08/08/2012 11:09 am ET Updated Feb 02, 2016

Tolerance: Why the Courts Matter

We all know what's at stake this November. This country -- our country, my country -- is at turning point in its history. Either we can continue our swing wildly to the right, or we can try to move the country back to the middle by electing more progressive candidates. I know I am not the first, nor will I be the last person to say it, but there is more at stake than just the presidency, congress, state legislatures, and governorships. What are also at stake are the courts, from the Supreme Court, to any other opening on the federal bench.

It is my belief that this swing to the extreme right is just a fad. After all, as a country we have been here before. Following World War II our great nation passed a series of laws that restricted individual's free speech, and imposed the morality of a select few fear mongering politicians. McCarthyism and the Red Scare had arrived. Hundreds of Americans were brought to bow before a system of injustice, whose purpose was little more than the violation of their constitutional rights. All of this was done under the misguided notion protecting our nation. It took a series of Supreme Court rulings to bring an end to this era, and yet less than 60 years later it feels as if history is repeating itself.

As an openly gay man I find myself scared when I look past November and imagine what this country would look like under a Romney presidency. My partner has expressed the same fears, often in a much more open fashion. I find myself trying to be the "brave" one, but what he doesn't know is I am just as terrified as he is.

During the last four years the LGBT Community has made progress in our fight for equality. Progress which is fragile and could easily be undone. This progress goes beyond the courageous act of our president when he took the bold step of announcing his full evolution on the issue of same-sex marriage. Much of this progress has come as result of the rulings from the inside of federal courtrooms, and there are more precedent setting cases heading that way in the coming months.

It is because of these cases that we should be compelled to make sure Governor Romney does not become the next president. Politicians come and go, but judicial appointments are made for life, and the legal precedents they set can have an impact that lasts for decades. If Governor Romney becomes President Romney he will stack the courts with people who share the "values" of the extreme right. He will make sure there are judges at every level who will uphold discriminatory laws like the Defense of Marriage Act, or reverse the current ruling on California's Proposition 8. I am not promoting activist judges that make independent decisions based outside of the scope of the judiciary. Rather I am advocating for judges who will hear the case in front of them, and use their discernment and intellectual ability to decide the case based on the spirit of our constitution. Not based on some skewed ideological or moral belief system.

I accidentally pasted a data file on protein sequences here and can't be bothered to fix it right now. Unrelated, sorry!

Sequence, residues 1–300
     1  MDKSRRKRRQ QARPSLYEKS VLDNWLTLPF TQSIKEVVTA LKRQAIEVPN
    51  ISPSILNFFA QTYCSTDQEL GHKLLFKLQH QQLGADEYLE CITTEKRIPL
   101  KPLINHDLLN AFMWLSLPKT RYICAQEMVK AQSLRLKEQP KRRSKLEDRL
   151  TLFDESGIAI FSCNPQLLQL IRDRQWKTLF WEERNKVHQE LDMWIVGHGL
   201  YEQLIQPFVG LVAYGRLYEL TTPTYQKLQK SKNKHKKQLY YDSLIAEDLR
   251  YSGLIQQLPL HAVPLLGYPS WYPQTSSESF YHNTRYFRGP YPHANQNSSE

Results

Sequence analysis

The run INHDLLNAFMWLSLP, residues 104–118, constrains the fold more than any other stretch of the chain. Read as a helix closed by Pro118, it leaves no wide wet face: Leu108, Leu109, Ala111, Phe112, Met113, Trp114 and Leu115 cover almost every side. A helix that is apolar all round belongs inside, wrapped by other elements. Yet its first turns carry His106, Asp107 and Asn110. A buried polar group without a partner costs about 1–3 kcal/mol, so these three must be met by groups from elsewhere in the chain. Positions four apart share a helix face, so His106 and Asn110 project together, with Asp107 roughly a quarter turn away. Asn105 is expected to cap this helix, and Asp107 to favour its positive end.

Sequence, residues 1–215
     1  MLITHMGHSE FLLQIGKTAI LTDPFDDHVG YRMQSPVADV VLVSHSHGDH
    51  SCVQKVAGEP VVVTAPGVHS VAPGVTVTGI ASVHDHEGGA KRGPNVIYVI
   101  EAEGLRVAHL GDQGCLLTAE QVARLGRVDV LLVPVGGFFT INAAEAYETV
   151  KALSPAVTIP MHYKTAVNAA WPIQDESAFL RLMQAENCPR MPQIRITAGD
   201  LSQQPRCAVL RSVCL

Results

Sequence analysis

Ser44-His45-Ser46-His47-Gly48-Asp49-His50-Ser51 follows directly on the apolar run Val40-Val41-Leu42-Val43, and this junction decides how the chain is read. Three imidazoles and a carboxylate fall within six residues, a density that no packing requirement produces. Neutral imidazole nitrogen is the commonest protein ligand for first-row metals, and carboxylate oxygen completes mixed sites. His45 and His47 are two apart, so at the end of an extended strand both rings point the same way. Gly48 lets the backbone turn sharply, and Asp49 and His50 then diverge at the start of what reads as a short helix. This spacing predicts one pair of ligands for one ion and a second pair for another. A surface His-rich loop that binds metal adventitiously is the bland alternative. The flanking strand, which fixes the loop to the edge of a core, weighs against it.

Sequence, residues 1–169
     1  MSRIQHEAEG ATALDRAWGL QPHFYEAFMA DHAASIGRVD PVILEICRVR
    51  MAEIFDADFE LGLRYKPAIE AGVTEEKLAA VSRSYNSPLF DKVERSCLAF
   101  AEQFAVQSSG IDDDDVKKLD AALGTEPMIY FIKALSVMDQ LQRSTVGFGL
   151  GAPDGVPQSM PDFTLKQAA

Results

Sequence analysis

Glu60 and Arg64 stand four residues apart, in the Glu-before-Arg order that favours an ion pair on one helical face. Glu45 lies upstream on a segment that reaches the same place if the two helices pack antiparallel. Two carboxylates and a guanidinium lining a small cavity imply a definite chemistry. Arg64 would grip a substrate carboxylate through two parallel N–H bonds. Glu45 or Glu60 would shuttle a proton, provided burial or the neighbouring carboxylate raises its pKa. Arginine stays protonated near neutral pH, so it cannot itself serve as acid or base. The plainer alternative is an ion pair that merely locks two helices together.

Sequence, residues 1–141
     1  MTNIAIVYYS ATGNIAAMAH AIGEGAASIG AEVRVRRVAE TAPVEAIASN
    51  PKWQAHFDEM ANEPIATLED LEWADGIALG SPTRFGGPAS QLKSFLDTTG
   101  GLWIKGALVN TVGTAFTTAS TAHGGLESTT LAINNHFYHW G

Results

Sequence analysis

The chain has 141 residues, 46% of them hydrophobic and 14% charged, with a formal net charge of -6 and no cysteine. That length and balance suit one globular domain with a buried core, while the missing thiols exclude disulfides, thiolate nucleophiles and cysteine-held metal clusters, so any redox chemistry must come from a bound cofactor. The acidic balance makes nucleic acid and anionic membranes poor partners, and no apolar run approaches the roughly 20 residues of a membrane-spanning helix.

We need judges who are tolerant, not closed minded. We need judges who will listen with an open mind to the continuing issues of racism. We need judges who will be accepting of the LGBT community and understand our fight for equality. We need judges who will be supportive of the issues surrounding immigration and value the rights of individuals no matter their immigration status. We need judges who understand a women's right to control her own reproductive health. Lastly, we need judges who value each person in front of them equally.

If we want judges who share our values, who value our communities, let this be our call to action. This is yet another reason for us to make sure the words "President Romney" are only said in what-if scenarios, and never in reality. If you share these values with me, please join me on November 6th in saying "no" to Governor Romney, and to the intolerant judges he would most certainly appoint. Let us stand together to tell the world that America will not be a place of intolerance and selective justice. That this nation is and will always be a shining beacon of hope, prosperity, and equality to the world.